In this era of supersize children’s books, Rebecca Stead’s “When You Reach Me” looks positively svelte. But don’t be deceived: In this taut novel, every word, every sentence, has meaning and substance. A hybrid of genres, it is a complex mystery, a work of historical fiction, a school story and one of friendship, with a leitmotif of time travel running through it. Most of all the novel is a thrilling puzzle. Stead piles up clues on the way to a moment of intense drama, after which it is pretty much impossible to stop reading until the last page.

Philip Hoose’s Claudette Colvin: Twice Toward Justice

Here’s what I wrote in a post I did about seeing Philip and Claudette speak to a group of teens in Harlem a few months ago:

Hoose’s research is remarkable, but it is the way he seamlessly interweaves Claudette’s own memories with his third person account (sprinkled with other quotes) that makes this book so outstanding.  Hoose does a beautiful job bringing in Jim Crow, the players, the situations, the trials, the arrests, and so much more while keeping Claudette’s own words front and center.  I think this book does an extraordinary job helping young readers today get a sense of that time through Claudette’s words and experiences.

Brian Floca’s Moonshot: The Flight of Apollo 11

Since I haven’t written about this before let me do so now.  I so appreciate the way Floca uses spare poetic text to communicate the sounds, the feelings, the drama, the moments of tedium, others of stillness, all the various aspects of this singular event.  Most of all, his words convey the awe of this spectacular moment in history.

Candace Fleming’s The Great and Only Barnum: The Tremendous, Stupendous Life of Showman PT Barnum

From my blog post:

Candace Fleming does it again!  She brings yet another larger-than-live individual from America;  this one is a wild ride of a biography of the Barnum that many young readers may well recognize from the circus that still has his name.  Filled with great stories, amazing primary sources, this is one terrific book.

Kate DiCamillo’s The Magician’s Elephant

From my post about this enigmatic book and the Where the Wild Things Are movie:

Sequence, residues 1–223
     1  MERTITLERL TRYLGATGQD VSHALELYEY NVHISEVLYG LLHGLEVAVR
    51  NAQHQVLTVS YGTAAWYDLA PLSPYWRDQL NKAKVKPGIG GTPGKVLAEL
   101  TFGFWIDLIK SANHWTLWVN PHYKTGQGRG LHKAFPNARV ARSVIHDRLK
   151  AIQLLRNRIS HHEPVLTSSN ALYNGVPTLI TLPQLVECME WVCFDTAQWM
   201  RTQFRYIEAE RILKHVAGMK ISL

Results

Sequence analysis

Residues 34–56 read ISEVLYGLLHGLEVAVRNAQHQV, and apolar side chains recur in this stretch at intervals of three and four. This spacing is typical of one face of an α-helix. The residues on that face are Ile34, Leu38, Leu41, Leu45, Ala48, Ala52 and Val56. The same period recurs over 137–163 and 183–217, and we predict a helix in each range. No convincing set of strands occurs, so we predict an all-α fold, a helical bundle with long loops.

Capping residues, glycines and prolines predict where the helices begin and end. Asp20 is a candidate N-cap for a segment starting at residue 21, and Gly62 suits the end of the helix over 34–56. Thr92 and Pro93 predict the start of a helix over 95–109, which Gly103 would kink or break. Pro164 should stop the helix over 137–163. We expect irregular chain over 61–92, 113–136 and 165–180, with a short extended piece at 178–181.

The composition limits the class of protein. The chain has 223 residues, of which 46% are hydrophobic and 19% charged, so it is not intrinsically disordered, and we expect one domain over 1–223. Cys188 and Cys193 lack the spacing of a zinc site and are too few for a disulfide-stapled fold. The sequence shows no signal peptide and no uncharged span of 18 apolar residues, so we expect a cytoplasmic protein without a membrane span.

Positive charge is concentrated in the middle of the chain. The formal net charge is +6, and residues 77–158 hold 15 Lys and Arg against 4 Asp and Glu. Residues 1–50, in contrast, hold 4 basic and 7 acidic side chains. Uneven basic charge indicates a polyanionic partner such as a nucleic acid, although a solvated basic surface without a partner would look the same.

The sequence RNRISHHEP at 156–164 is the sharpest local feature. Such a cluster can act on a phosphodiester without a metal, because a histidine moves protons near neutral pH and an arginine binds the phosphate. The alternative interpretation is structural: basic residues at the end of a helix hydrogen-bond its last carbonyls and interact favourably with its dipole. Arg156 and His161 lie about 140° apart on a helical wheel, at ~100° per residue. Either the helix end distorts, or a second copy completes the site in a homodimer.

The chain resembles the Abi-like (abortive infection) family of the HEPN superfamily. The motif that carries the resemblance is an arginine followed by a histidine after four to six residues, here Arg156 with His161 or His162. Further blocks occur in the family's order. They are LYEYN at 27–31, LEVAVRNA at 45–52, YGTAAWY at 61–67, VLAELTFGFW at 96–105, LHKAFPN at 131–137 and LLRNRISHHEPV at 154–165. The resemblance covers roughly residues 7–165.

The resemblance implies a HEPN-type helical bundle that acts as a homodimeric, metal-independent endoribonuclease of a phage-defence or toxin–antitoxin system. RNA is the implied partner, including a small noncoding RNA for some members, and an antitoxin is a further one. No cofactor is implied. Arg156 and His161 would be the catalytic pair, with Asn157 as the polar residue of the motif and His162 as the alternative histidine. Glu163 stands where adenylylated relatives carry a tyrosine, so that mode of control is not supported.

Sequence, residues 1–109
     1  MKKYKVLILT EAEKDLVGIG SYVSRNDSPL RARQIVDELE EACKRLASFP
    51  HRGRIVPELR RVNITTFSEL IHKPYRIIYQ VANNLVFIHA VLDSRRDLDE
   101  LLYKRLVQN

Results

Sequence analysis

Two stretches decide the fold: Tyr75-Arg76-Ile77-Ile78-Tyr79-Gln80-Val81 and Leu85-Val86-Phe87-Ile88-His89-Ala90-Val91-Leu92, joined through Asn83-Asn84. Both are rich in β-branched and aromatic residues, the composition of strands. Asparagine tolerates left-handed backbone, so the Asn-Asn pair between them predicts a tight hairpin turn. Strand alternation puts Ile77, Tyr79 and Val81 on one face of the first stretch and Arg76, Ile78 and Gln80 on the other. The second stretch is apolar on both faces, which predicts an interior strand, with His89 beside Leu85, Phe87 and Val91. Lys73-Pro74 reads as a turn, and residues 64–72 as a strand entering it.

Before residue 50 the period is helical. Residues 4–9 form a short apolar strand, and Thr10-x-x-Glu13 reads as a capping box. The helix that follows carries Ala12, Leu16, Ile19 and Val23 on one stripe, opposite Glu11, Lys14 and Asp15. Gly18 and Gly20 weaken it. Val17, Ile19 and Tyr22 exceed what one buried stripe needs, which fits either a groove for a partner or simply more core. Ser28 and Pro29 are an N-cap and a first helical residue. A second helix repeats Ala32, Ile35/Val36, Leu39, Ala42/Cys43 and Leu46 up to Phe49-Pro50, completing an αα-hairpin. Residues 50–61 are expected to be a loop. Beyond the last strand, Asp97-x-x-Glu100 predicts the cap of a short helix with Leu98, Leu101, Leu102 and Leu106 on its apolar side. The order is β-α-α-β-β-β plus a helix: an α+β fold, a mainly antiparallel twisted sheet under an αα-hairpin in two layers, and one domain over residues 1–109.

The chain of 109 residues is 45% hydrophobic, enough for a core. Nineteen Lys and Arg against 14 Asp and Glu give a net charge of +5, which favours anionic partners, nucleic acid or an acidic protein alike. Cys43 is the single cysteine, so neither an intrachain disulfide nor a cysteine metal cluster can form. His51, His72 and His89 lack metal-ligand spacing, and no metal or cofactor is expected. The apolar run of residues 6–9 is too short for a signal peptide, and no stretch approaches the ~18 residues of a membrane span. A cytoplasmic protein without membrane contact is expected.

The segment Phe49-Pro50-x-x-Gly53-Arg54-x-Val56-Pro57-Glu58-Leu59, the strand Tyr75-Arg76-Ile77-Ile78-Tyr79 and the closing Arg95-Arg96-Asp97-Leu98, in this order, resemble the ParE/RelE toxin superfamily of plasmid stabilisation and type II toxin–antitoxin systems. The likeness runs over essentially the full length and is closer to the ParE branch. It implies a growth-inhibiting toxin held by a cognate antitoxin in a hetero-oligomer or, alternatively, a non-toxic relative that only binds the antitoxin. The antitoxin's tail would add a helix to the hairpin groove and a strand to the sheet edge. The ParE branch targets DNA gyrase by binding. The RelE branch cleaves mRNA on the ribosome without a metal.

Decamillo’s book is also full of beautiful and moving images and language.  It has the feel of something from an earlier century — not just the setting, but the style too —in the tradition of certain sorts of literary fairy tale writers —   say Hans Christian Andersen and Oscar Wilde. There is the developing of an unconventional family by the end that reminded me of one of my favorite books, Russell Hoban’s The Mouse and his Child.

Marilyn Nelson’s Sweethearts of Rhythm: The Story of the Greatest All-Girl Swing Band in the World.

From my post about it:

Through the voices of the instruments, Nelson’s series of poems capture the story of this band as they performed throughout the United States in the 30s and 40s.  From fancy ballrooms to dusty picnics, these girl musicians were heard by a huge swath of the American population during a very challenging time period.  Nelson does a spectacular job with each separate poem slipping in historical facts about life in that time, the individual performer, the band, and the music.  Jim Crow, war and peace, pain and happiness, a myriad of fascinating details of 30s and 40s life suffuses these poems. And boy do they shine — bouncing, crooning, tootling, moaning, and blaring by way of those instrument storytellers.  Nelson respects her young audience, using big words and big ideas that swirl amidst sound, rhythm, pain, joy, and history in these captivating riffs of verse.

Rosanne Parry’s Heart of a Shepherd